27 September 2013

Parshat B'reishit 5774

23 Tishrei 5774

The Torah begins by telling us that Hashem made order in the creation by separating - light from darkness, waters above from waters below, land from sea, day from night and each living thing multiplied after its own kind. Why should the world be surprised then when Hashem separated out a nation for His own - Israel - and put it in a land of its own - the Land of Israel?

In fact, it is from this first parshah of the Torah that we get this famous Rashi:

The Torah begins with an account of the creation of the heavens and the earth. Rashi asks an important question. ...Why does the Torah begin with an account of creation?

...He explains that Hashem promised the land of Israel to Bnai Yisrael. However, the Jewish people would not occupy an empty region. They would dispossess other nations. The Torah teaches justice. How can we justify the seizure of the land of Israel from these nations?

The account of creation provides the response. The Almighty created the universe. Therefore, He has the right to apportion the earth to various nations. He also has the authority to command the dispossession of these nations.

Rashi’s answer is difficult to understand. The nations, which Bnai Yisrael would expel, were idol worshippers. They did not accept the authenticity of the Torah. Certainly, they would question the assertion that the Creator had promised the land of Israel to Jewish people. They would not agree that the Almighty – the true owner – had confiscated the land from them.

We encounter this very situation today. The nations of the world are familiar with the Torah, its account of creation, and its record of the Almighty’s promises to the Jewish people. Yet, these nations do not recognize the Jewish people’s Divine right to the land! Are we to assume that the Almighty did not fully understand the nature of his creatures? Did He think the entire world would accept the message of the Torah?

Rav Yisrael Meir Lau explains that we must carefully consider Rashi’s comments. Rashi does not say that the nations of the world will be convinced of the Torah’s argument. It seems that Rashi did not maintain that the message is addressed to these nations. Instead, the Torah is speaking to Bnai Yisrael!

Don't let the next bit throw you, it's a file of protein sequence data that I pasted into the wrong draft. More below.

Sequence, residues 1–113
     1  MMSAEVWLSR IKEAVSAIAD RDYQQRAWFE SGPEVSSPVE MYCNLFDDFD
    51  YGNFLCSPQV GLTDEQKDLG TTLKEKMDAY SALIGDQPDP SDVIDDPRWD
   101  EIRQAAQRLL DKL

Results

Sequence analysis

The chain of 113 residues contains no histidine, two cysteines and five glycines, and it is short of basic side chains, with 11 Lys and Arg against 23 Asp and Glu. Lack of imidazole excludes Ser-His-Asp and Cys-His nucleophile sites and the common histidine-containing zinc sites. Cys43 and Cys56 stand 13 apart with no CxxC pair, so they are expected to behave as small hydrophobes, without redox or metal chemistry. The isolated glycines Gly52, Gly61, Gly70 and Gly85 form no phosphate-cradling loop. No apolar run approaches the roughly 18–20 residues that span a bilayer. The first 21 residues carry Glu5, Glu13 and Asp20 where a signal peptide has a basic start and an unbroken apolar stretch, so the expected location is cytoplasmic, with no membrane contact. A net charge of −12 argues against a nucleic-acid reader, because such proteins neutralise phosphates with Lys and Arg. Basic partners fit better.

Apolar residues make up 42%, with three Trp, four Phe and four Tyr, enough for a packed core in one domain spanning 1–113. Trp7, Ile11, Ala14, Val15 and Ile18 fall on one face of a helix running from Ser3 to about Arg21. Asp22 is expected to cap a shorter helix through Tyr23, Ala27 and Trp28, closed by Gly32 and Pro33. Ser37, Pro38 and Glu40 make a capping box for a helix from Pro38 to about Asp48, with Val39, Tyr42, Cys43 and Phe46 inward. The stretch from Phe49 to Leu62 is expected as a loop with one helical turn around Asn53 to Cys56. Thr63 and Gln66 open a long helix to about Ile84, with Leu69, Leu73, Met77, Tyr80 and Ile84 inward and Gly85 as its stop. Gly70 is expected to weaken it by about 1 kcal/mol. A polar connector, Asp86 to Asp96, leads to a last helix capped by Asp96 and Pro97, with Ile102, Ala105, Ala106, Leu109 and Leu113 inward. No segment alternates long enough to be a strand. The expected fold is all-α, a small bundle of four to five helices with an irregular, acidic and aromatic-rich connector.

According to Rashi, Hashem recognized that the morality of the Jewish people would be challenged by the nations. He also realized that Bnai Yisrael would be sensitive to this reproach. We need to know that, despite all accusations, we have a Divine right to the land of Israel. Therefore, the Torah teaches us the basis of our claim.

It is certainly no coincidence that it was during the week of Parshat B'reishit that President Barack Hussein Obama spoke to the UN General Assembly in New York on 24 September 2013 and said the following:

"...the United States remains committed to the belief that the Palestinian people have a right to live with security and dignity in their own sovereign state. [In the midst of the Land of Israel.] ...The time is now ripe for the entire international community to get behind the pursuit of peace. [A euphemism for taking the Land of Israel away from the Jews.]  ...Current talks are focused on final status issues of borders and security, refugees and Jerusalem."

This is the perfect time for every Jew to read and absorb Rashi's explanation for why the Torah begins with the story of creation.


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